An account of the life of a Ghanaian village during a century of tumultuous change, this study is also a richly textured microhistory and an exploration of the meanings of history and modernity in an African context. The years 1850-1950 witnessed several momentous and transformative developments in Asante history, including British annexation and colonial overrule. In Asante Identities,
T. C. McCaskie provides a nuanced study of this era 'from below,' focusing on the everyday lives of commoners in Adeebeba, an independent village that was engulfed by the expansion of the city of Kumase in the 20th century. He tells this story through the words of the villagers themselves, drawing on life histories collected by the Ashanti Social Survey in the 1940s.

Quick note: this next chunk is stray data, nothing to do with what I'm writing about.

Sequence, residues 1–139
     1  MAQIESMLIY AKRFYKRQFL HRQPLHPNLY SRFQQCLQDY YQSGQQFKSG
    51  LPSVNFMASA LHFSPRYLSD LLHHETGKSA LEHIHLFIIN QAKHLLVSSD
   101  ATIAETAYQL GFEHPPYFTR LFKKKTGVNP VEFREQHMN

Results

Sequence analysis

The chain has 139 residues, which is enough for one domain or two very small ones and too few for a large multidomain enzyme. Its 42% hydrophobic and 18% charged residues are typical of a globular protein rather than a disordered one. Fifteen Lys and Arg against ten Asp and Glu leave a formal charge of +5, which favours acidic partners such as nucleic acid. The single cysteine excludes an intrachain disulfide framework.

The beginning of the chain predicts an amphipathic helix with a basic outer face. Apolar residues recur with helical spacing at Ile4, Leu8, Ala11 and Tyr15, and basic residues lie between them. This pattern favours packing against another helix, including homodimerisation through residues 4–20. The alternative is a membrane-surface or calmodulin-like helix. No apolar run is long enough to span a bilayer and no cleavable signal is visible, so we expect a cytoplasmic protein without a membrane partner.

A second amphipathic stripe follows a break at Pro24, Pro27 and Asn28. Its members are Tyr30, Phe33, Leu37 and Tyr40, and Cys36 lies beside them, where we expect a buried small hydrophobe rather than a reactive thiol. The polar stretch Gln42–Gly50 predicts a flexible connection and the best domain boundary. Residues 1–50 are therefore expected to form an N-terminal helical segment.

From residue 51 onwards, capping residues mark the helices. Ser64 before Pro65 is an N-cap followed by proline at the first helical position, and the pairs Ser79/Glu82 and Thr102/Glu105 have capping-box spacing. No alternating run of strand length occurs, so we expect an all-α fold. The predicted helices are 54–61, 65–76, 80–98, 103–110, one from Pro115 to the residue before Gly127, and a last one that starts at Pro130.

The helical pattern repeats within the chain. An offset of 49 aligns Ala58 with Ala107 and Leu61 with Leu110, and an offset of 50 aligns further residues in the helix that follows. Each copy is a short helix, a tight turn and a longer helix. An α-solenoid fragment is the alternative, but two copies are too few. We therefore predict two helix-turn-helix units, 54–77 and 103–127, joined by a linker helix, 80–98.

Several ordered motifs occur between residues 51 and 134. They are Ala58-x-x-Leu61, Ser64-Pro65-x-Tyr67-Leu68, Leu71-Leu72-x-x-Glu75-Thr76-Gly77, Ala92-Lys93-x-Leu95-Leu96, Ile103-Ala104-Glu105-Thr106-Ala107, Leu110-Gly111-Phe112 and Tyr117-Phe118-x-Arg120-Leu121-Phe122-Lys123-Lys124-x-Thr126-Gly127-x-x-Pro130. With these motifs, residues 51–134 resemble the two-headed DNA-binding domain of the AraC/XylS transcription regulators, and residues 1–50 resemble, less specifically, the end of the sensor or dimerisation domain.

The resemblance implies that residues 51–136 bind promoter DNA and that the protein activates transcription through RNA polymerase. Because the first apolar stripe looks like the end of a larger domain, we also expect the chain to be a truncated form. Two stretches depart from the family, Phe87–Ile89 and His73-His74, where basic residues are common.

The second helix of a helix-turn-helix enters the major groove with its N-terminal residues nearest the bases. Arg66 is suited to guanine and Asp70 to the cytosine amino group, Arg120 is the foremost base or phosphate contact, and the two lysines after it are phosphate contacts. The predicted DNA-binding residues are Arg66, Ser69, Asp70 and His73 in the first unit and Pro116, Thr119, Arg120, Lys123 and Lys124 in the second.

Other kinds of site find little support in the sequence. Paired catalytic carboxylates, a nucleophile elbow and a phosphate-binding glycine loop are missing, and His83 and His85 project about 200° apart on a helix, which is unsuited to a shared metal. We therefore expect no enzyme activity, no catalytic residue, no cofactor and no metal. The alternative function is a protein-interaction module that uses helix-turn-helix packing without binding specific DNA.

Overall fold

McCaskie provides a deep cultural reading that ranges over issues of selfhood and community and their impact on the colonial experience. His discussion touches on questions of identity, belief, power, money, rights, obligations, gender, sexuality, and much more. The result is a book compelling in both its historical detail and its analytic sophistication.
Published in association with the International African Institute, London